Most folks are unconcerned about the implications of philosophical musings regarding the true nature of what we refer to as “time.” Floating through interstellar space, if such a thing was possible, there would be no rotations of a planet, or tilting of a planetary axis, or the revolving around a star for reference points and there would be no way to measure the subjective experience of that travel without some other reference points relative to that travel. I suppose, though, that one might find oneself “hoping” to arrive safely at their destination, and “hope” to arrive alive, without necessarily resisting the idea that “time is an illusion.”

  1. You have a wonderful way of looking at life and I thank you for sharing your ponderings, as Russell did his. It reminds me of a story about a mentor of mine. I went to visit him as he was dying from cancer, and thought I might give him some cheerful wisdom from a well known historical figure.
    After I quoted this tidbit of wisdom, my mentor looked at me and said, “Well, that worked for him!” I just laughed out loud at the fact that rather than me imparting some consoling wisdom, he had just done so for me. What I have come to realize is that we each already know what we need having looked to others for the list. Now, having spent our youth long ago and having a sense of “soon, but not yet,” perhaps we question whether the world that we make ( in Russell’s sense) gets a passing grade. From my perspective, Hope cannot give us that answer.
    Perhaps then it then becomes a Question of merit or mercy, and who is it that decides? Merit leaves us helpless/hopeless.

    1. You also seem to have a wonderful way of looking at life, and I appreciate very much that you took the time to share your thoughts with me. Hope is not the sole arbiter of resolution to any of our conundrums as you so rightly suggest, It is only an avenue which may, in certain circumstances, delay despair long enough to get us through another day.

      None of us are able to compensate directly for our shortcomings in any immediate sense, but if we have hope, in the most general sense, perhaps either the circumstances might allow a change in direction eventually, or perhaps our willingness to postpone the feeling of helplessness may just be enough to arrive at a moment where we can see another path. I do not suggest that every challenge can be met, or that our suffering can always be mitigated by hope, but it seems to me, that if there IS a chance for mitigation, hope may just be the very thing that allows life to progress.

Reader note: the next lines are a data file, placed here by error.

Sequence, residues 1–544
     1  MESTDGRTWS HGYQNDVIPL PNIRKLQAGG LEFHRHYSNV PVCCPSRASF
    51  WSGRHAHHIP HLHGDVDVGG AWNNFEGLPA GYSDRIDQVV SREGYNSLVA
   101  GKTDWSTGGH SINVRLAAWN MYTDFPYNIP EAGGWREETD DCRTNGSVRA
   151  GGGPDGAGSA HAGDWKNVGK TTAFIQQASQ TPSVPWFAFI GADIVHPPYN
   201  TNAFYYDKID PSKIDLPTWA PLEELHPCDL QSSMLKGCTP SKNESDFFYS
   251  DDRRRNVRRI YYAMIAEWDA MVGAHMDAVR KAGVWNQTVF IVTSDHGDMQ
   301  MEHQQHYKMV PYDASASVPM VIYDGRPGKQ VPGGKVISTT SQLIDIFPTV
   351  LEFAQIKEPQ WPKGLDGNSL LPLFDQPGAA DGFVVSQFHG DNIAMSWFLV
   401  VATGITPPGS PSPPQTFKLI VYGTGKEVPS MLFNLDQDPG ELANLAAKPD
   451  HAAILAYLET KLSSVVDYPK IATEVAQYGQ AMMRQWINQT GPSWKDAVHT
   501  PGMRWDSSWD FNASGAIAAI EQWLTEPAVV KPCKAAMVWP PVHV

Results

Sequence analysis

Clearly, I am an optimist, and I make no apology for that. Life is not only about one thing. That much is certain.

      1. John,

        I sense the efficacy of your hope found in the statement,” …or perhaps our willingness to postpone the feeling of helplessness may just be enough to arrive at a moment where we can see another path.” Hopefully for you, this is that moment and you can “sense” there is another path, although it may be shrouded in a cloud of unknowing. This is how it works. Now.

  2. Absolutely lovely John and I find your thoughts echo my own most closely. “What is it all about” you ask. Indeed, that is the question. I also feel, like you, that wondrous as it is, the answers, if they come at all, will not come through the mechanism of science alone. I do not posit a deist approach and yet like you I have a strong intuition that mind may be far more important than we currently allow for. And that a purely materialist exploration or indeed explanation of “it all” will never get us answers to the vital questions you ask.

    And I love the music. Hard to believe in a materialist only universe when confronted with such sublime beauty.

    All best wishes

    1. You are very generous in your characterization of my efforts, and I appreciate very much that you took the time to review my posting so closely.

      I agree with you that our mutual thoughts about these ideas are closely related, and wish very much that more of the materialists would allow for greater leeway in their deliberations. It truly isn’t necessary to posit a deist approach in order to arrive at a comprehensive theory about consciousness, but instead, if we can at least open ourselves to what might be possible, the full realm of possibility encompasses the idea of a spiritual or nonphysical component to life, and even the most ardent physically-oriented scientist might be able to get there, if they would only entertain what is possible, instead of only what is provable.

      I also love the music and I knew that you would appreciate the sublime beauty inherent in it.

      Thank you so much for your continued support and encouragement…John H.